A Beautiful Stress

The image that flashes most vividly in my mind from Game 7 of the World Series last year is of Madison Bumgarner trotting out to the mound on two days rest. Standing in the outfield, you could sense the whole crowd in Kansas City, which had been going crazy up to that point, suddenly getting quiet. Pitch by pitch, out by out, inning by inning, I got to watch Bum and Buster control that game, and it was beautiful.

When Pablo Sandoval caught the final out to seal the World Series, it was a moment of absolute bliss, but also tremendous relief. The postseason is filled with so much tension that I think when it ends for a team, whether it’s with a win or a loss, there’s some sense of ease. Time slows down a lot in October because the stakes are so much higher. Just going to sleep takes forever because you can’t wait to wake up.

It’s definitely stressful, but it’s a beautiful stress.

In two of the last three seasons, I’ve been fortunate to come out on the other side of the experience with a World Series ring. Because of this, I’ll often get asked if there’s some sort of “secret sauce” behind what makes a winning baseball team tick. People want to know what the Giants are doing differently.

After spending a few years with the club, I can tell you with confidence that there is no secret.

At this level of baseball, there are many experts but still no masters. While it would be nice to be able to take credit for two World Series victories, it would also be disingenuous. Our team’s success relies on Brian Sabean making the right moves as much as Buster Posey calling the right pitches. To suggest that there’s any single strategy or mentality that makes one team better than others is just looking at it from the wrong angle.

A baseball team is like an orchestra. It’s many individuals, split up in small groups, performing very different tasks towards a common goal — many minds working together to create one sound. If one of the players is struggling, it might not be readily apparent in the final product, but if a section isn’t in rhythm, it can bring down the entire performance.

If you let your mind get wrapped up in the things that happen that are beyond your control — such as a wild pitch that breaks your arm, for example — you’ll lose focus on the bigger picture. I only feel like I’ve lost if I go into a game without being in the best physical and mental state possible. In the many elimination games I’ve played in throughout my career, it isn’t the thought of losing that has driven me. You can’t control results, so I don’t let results control my emotions.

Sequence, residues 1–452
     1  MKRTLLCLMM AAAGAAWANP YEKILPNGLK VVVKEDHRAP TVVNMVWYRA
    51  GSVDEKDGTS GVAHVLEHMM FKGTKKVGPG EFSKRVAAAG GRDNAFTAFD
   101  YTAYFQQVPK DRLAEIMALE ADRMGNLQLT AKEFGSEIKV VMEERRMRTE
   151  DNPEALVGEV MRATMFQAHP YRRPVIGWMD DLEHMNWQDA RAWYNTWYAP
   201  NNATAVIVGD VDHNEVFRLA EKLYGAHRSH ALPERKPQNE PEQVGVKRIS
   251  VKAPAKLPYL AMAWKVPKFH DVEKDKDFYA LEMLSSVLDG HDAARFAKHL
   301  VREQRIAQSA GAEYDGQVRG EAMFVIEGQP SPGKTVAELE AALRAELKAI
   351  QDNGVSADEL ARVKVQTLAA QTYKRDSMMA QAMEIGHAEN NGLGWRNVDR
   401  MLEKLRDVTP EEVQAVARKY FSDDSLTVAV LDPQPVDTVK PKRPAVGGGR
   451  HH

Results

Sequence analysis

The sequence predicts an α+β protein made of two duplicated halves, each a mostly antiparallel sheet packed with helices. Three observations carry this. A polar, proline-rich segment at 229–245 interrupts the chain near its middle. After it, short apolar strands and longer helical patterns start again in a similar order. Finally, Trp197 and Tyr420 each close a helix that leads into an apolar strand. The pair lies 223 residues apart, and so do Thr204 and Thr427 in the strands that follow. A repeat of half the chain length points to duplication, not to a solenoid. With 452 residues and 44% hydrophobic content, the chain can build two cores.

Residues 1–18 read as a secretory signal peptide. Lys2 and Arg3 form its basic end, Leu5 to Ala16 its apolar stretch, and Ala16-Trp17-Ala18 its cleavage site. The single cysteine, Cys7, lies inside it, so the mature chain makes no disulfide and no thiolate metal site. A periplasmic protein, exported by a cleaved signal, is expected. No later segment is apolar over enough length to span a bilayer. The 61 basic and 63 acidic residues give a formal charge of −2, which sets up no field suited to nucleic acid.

What gets lost in this desire to find the secret behind winning is that success isn’t a formula or an equation — there are no exact inputs that give you the desired result. What’s closer to the truth is that so many minds — very different minds with different expertises — need to work in unison to make a team function at the highest level, and even then, the final result is often left up to factors that can’t be controlled. A baseball game often isn’t decided by which team is better so much as which team is in control of the most variables that determine the outcome – coaching, hitting, fielding, scouting, fitness and many, many others.

Most of the guys who were on the Giants last year also won the World Series with the team in 2012, when we faced six elimination games before even making it to the Series. The gravity of those contests and the adrenaline rushing through everyone made it such a remarkable human experience. Being on the brink of elimination, oddly enough, brings on a sense of calm in our clubhouse. Of course, for a game like that, there are nerves, but generally before we take the field, everyone in the locker room is very quiet and focused — mostly just enjoying the moment. We play baseball our entire lives just hoping for the opportunity to play in games like that, so when they happen, it’s almost surreal.

If you’re really putting your heart and soul into this game, you learn a lot throughout your career. Growing as a baseball player isn’t dissimilar to when you’re growing up as a child in that it’s difficult to notice your progress as it’s happening. But there’s no doubt that I see baseball much differently now than I did nine years ago when I first entered the majors. Your success in this game is almost entirely predicated on your ability to react, whether it’s to a difficult pitch or a difficult loss. Either way, you just have to be able to get around it quickly and focus on the next one.

Most Major League players have a true love for baseball, and because of that, everyone really strives to get a crack at those games when all the pressure is on. The extra layer of satisfaction comes from knowing that you got there because you’re surrounded by guys who want it just as badly as you do.